In the corporate realm, sudden stories are taken in and worked on by the team, so you can bet your socks there are points associated with that effort!

Taking this to the extreme, you could be in extreme-reactionary mode, only doing things that come up. In the software realm, this is like only making bug fix releases and never building new features. In the ScrumOfOne realm, this is like only reacting to life and never taking initiative.

The second half of the Interrupt Pattern addresses this by programming an automatic abort of the Sprint if the buffer for unplanned activities overflows. So if the buffer for tactical stories is 15 points per Sprint, and the green light is given for a story that would mean we would complete 16 points or more of stories that were not from the Sprint Backlog, the Sprint pre-maturely ends and there is another re-planning. This drastic measure sheds light on the evident misalignment between planned priorities (Sprint Backlog) and actual priorities (embracing all interruptions).

So (…I tell myself…), if something comes up that is technically a distraction from the Sprint Backlog yet not a total mess (intellectual clutter), then feel OK taking it. Just remember to give yourself points afterwards (treat yourself).

Let The Wookie Win

Have you ever completed something? Of course you have.

Do you know how good that feels? Of course you do.

So it’s no surprise that painting the last big room in your new apartment, followed by closing out your storage unit such that everything you and your new wife own is now under one roof, followed by capping off Netflix’s ‘House of Cards’ season all feels pretty freakin’ exhausting great! Everybody should get to feel this… more often!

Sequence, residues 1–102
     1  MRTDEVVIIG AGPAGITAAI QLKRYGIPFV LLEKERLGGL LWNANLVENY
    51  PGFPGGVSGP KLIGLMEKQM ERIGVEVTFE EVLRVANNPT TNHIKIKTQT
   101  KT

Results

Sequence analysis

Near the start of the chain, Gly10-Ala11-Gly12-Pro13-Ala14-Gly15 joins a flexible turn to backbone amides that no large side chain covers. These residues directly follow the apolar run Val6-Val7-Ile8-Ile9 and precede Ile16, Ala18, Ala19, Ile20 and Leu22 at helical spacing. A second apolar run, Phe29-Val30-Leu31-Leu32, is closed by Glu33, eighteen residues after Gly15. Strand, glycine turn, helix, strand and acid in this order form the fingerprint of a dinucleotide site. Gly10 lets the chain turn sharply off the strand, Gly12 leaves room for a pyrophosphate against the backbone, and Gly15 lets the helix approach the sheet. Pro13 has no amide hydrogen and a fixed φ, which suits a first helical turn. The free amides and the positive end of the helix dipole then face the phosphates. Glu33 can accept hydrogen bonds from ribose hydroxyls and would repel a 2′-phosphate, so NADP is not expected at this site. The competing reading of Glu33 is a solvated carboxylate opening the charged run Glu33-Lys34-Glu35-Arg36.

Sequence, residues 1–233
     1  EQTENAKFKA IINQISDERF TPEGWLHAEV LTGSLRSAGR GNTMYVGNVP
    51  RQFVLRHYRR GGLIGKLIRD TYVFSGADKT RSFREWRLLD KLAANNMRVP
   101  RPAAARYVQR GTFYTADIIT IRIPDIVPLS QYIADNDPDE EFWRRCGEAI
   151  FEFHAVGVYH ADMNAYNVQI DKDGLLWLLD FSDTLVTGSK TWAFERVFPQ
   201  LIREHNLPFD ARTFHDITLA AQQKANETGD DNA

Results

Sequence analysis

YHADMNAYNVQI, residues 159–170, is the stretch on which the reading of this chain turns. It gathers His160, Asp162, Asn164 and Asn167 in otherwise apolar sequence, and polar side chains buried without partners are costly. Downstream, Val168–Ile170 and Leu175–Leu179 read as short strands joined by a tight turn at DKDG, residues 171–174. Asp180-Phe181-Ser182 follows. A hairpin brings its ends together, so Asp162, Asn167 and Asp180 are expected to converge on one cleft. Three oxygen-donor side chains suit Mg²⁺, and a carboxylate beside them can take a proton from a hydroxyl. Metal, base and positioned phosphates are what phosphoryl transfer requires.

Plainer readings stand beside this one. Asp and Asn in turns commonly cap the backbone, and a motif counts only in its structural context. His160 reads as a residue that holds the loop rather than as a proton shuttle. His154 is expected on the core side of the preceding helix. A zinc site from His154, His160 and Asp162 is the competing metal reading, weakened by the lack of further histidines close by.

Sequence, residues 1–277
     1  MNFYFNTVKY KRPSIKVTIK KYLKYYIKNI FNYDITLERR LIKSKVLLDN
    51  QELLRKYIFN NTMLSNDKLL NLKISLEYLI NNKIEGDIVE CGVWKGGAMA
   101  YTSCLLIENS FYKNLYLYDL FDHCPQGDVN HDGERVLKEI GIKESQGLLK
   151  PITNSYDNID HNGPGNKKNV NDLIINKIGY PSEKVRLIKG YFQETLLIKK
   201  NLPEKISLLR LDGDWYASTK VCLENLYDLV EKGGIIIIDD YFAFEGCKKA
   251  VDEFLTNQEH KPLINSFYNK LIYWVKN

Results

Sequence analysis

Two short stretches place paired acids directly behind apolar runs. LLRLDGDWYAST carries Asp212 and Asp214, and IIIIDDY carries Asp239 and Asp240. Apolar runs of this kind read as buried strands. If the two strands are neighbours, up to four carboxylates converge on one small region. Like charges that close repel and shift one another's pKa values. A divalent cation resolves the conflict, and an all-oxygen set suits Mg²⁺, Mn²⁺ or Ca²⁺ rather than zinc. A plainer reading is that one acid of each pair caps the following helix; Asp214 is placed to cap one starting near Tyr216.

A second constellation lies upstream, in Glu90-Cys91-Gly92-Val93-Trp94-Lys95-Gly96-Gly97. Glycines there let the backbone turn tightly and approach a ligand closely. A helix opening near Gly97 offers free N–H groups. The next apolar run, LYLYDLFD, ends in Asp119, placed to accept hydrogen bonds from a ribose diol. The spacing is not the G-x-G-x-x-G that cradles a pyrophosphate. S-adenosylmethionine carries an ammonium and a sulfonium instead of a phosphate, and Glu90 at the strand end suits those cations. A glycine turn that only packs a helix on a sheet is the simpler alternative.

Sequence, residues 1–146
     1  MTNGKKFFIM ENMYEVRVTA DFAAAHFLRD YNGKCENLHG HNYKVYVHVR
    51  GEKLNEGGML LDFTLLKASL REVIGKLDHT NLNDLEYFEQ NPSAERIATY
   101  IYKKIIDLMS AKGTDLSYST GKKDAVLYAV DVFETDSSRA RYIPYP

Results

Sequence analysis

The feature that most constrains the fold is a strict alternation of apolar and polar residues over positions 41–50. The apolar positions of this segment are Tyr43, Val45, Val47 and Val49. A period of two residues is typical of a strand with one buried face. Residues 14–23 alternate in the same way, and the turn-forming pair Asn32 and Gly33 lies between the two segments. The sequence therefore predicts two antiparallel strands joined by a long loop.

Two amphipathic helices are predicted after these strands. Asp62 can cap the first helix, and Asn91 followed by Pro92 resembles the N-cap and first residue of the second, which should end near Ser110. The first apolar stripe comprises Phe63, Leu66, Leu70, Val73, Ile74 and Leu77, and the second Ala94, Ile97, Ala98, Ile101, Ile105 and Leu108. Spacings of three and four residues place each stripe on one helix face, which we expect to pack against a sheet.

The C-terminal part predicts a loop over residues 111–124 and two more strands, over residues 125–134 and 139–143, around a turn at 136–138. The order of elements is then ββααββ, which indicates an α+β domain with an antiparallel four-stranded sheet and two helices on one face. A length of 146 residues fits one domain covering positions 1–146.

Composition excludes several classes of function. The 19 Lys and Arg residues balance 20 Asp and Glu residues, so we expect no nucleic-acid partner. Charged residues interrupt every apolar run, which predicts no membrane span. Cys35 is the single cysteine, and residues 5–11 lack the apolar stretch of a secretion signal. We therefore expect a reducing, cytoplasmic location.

So why don’t we?

At this point, I’m taken back to my Product Owner training, where (Scrum co-founder) Jeff Sutherland waxed poetic about… sports. So, with me please, imagine a sports team – your good ol’ neighbourhood generic sports team – it don’t matter what the sport is, just pick one – yes, any one, seriously – fine, curling – I picked curling for you – full-contact no-holds-barred curling.

Imagine that this team loses a match. Sucks, I know, but curling isn’t immune to losing. Think of what it’s like going into the next exciting match. Got it? Got that feeling? OK. Now imagine going into this next match, but having WON your previous bout. Got it? Got that feeling? Great – you’ve already visualized way more about curling than the average Canadian bear.

Gently slide curling aside for a moment, and apply these thought experiments to two completely different sporting and oxymoronic words: Scrum sprinting. By equating not finishing all the planned stories in a sprint to losing, and finishing all the planned stories in a sprint to winning, you get the feeling with which you go into the next sprint.

And it’s not just a feeling – there’s research to suggest that this kind of ‘failure’ prevents the team from improving, and that teams that finish early accelerate faster. Putting the ScrumOfOne hat back on, this means both not jam-packing your sprints with things to do, and preventing distractions from shifting your focus from getting things done.

Easier said than done? Well, I start with setting the bar lower, by setting myself up with fewer stories per sprint (the planned), and then leaving a buffer for things that come up (the unplanned). This is so common a tip in practicing Scrum that it is its own ‘pattern‘, where you can find more patterns here. These are ways to get started with Scrum and then get to Sutherland’s idyllic hyperproductive state. Interesting stuff, and it’s not too hard to see a ScrumOfOne corollary.

Channel Your Inner Tim Gunn

I don’t always watch Project Runway, but when I do, I drink Dos Equis I watch Tim Gunn. In terms of a competition show, it’s easy to see why it’s appealing – the fashionable hopefuls take on a new challenge with 30 minutes to design and at max 2 days to make the thing.

Yes, people get kicked off the island (it’s Manhattan!), people get immunity each challenge, people get prizes, and only 1 lucky winner gets to be called the next America’s Top Model American Idol Food Truck Foodie Trucker Apprentice Top Designer. So yes, there’s pressure, and people losing their cool.